Scientists around the world are working to help people who suffer from conditions that prevent them from moving, seeing, or taking care of themselves for various reasons related to self-sufficiency. The ability to restore sight for blind or partially sighted people is one of the main challenges researchers face. A team of engineers from EPFL has developed a technology that can partially restore vision to blind people.
the team He developed a mesh implant that works with smart glasses equipped with a camera and microcomputer. The system is designed to give blind people some form of artificial vision by using electrodes to stimulate retinal cells. The camera included in the smart glasses captures images within the wearer’s field of view and sends the data to a small computer placed in one of the glasses’ finished pieces.
The microcomputer converts the data into optical signals that are sent to the electrodes in the retinal implant. The electrodes stimulate the retina to allow the wearer to see a simple black and white version of the image. Users will see an image made of points of light appear when the retinal cells are stimulated.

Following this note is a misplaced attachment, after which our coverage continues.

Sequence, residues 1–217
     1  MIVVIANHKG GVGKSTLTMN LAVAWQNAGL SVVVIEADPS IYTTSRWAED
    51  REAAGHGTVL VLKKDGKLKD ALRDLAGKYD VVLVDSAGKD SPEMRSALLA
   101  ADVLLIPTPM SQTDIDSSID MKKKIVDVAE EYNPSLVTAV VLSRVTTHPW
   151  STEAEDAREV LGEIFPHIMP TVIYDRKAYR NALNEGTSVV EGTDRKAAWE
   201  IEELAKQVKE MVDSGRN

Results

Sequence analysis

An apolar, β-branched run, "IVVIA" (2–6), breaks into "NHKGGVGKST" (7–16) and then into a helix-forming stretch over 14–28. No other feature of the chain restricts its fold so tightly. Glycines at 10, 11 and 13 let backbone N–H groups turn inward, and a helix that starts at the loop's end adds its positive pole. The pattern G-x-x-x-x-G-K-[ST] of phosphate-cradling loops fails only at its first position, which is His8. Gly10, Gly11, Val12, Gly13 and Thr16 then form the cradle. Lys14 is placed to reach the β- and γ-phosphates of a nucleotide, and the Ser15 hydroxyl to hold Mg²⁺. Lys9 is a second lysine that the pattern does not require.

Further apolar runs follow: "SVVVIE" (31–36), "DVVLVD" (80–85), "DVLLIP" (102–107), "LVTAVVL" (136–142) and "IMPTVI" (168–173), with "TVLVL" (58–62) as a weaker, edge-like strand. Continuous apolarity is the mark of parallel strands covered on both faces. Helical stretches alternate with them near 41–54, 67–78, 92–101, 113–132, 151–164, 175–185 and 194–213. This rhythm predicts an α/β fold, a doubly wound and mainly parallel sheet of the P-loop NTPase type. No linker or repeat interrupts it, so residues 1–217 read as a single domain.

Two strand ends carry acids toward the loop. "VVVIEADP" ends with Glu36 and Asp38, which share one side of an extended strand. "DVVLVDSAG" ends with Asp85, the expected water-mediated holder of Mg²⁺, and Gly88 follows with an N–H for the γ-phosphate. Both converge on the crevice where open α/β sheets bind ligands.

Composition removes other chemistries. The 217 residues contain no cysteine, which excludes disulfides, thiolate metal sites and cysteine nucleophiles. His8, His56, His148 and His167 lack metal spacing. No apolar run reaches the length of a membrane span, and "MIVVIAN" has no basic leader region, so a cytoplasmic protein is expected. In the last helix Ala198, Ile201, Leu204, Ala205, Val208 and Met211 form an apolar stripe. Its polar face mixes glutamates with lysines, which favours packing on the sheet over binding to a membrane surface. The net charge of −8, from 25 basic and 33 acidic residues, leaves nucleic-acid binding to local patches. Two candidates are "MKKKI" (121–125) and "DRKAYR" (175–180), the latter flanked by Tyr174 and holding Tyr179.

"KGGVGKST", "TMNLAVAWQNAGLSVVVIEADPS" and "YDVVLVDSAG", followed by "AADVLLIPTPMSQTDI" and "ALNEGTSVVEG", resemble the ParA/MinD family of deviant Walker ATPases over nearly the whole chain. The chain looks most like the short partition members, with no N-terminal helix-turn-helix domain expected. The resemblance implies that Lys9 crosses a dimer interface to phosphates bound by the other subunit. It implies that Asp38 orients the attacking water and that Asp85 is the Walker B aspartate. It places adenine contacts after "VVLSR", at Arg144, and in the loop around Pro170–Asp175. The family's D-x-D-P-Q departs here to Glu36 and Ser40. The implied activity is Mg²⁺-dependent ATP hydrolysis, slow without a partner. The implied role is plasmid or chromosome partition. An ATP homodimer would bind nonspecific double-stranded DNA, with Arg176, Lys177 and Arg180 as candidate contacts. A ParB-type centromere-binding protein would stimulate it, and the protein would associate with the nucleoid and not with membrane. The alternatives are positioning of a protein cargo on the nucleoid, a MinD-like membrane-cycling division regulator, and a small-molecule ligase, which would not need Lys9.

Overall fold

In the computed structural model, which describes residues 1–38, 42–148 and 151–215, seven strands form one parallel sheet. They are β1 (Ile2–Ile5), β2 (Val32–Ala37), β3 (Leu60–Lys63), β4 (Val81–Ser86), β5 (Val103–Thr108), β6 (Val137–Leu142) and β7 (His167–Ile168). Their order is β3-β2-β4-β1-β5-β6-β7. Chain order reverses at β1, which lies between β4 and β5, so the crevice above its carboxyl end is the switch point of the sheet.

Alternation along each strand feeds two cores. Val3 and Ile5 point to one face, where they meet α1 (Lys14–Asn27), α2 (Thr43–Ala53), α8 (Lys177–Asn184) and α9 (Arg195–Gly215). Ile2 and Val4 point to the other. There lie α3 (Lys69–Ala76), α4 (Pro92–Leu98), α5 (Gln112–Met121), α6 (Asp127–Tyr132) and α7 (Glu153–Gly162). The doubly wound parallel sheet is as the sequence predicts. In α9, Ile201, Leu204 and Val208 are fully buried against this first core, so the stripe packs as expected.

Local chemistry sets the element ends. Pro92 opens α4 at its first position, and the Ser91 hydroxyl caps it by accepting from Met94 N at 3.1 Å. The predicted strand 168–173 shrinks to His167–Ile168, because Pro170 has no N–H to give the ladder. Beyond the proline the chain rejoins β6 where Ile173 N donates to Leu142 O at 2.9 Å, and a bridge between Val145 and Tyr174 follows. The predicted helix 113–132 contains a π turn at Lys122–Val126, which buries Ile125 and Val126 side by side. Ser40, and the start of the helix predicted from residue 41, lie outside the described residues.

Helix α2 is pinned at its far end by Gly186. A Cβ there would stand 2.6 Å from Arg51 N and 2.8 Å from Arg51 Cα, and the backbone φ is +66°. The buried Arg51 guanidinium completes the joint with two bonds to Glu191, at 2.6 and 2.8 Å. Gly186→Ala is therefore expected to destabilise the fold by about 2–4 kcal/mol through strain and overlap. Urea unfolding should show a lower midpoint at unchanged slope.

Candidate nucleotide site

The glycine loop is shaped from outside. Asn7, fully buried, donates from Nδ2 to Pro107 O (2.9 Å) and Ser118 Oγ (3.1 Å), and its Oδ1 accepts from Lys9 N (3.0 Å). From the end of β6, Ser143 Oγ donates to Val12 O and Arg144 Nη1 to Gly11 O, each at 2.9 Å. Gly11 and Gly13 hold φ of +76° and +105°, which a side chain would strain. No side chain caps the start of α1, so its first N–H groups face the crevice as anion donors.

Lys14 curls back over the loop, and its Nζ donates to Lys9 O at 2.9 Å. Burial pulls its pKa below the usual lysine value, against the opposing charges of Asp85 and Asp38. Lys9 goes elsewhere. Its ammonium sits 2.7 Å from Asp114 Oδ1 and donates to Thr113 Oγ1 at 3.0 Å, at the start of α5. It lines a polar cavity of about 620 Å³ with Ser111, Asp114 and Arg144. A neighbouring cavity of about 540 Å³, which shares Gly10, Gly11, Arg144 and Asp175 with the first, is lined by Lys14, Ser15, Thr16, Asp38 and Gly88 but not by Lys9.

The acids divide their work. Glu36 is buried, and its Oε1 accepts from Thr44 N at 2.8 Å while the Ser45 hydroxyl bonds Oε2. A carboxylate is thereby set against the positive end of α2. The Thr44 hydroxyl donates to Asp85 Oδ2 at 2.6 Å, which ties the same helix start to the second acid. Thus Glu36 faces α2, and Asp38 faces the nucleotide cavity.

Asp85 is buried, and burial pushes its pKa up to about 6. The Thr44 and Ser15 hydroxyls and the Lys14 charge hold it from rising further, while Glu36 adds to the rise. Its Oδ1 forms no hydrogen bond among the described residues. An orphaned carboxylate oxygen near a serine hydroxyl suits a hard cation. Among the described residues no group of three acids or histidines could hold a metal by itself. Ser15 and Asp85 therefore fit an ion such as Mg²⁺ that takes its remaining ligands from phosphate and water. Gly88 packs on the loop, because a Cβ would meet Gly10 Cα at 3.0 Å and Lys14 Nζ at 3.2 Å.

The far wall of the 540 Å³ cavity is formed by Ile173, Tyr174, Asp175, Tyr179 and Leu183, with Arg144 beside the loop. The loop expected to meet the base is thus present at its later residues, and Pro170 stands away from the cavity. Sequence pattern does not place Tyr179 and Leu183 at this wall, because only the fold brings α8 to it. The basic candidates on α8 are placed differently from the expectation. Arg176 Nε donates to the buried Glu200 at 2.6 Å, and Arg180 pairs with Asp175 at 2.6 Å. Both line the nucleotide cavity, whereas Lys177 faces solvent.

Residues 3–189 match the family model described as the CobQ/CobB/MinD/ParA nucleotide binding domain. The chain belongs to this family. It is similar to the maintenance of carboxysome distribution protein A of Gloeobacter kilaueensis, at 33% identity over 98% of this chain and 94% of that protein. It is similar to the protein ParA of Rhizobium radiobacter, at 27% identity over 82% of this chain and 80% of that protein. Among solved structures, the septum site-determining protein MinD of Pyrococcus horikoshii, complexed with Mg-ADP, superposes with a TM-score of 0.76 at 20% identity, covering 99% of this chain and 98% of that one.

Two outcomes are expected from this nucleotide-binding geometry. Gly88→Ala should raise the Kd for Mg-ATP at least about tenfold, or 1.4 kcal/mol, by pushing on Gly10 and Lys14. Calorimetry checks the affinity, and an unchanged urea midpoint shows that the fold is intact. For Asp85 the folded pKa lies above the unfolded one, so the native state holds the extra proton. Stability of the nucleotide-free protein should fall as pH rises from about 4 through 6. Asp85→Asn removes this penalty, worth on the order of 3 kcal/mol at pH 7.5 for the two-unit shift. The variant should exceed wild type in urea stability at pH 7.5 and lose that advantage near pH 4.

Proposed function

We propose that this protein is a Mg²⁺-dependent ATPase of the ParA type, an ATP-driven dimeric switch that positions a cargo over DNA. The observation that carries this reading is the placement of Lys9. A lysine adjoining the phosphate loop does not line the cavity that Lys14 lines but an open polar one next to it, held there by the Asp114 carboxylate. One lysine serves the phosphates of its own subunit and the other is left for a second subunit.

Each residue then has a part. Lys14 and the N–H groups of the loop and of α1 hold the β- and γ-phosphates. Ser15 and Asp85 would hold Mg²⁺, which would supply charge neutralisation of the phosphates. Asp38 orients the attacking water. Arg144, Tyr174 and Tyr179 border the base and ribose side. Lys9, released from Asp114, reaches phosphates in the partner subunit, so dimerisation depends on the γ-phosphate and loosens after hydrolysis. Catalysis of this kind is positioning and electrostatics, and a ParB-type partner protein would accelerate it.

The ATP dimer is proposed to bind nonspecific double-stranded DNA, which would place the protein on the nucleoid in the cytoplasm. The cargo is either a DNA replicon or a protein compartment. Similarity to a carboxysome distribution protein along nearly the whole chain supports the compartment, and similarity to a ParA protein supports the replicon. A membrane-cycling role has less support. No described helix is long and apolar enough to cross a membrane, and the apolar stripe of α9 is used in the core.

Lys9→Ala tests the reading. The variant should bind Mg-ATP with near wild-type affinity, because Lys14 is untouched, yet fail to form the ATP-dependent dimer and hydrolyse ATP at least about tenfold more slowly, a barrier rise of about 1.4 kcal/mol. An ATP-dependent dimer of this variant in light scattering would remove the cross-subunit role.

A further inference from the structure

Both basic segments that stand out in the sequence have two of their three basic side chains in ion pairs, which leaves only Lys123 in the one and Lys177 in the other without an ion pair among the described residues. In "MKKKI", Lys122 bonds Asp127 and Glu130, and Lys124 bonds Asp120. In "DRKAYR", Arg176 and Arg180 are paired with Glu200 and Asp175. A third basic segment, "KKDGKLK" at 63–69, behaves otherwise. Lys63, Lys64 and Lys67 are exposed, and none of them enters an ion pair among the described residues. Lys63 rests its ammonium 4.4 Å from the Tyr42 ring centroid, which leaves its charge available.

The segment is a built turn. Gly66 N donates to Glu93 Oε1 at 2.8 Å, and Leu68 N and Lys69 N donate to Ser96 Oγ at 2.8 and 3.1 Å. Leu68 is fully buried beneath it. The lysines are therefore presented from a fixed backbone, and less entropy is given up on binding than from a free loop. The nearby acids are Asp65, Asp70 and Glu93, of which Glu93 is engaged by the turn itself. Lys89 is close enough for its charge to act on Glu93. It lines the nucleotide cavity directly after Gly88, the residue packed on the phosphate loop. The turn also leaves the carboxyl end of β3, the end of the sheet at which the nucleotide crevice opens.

However, users will have to learn to interpret points of light to form shapes and objects. Researchers likened it to looking at the night sky and learning to identify specific constellations. One of the main caveats about the system is that it has not yet been tested in humans. The current test is being performed using virtual reality software to simulate what patients see with the implants.
Retinal implants contain 10,500 electrodes, each serving to generate a point of light. This was a challenge as the points had to be far enough that patients could tell the difference between two of them that were close to each other but packed densely enough to provide sufficient accuracy. Testing on the system is ongoing.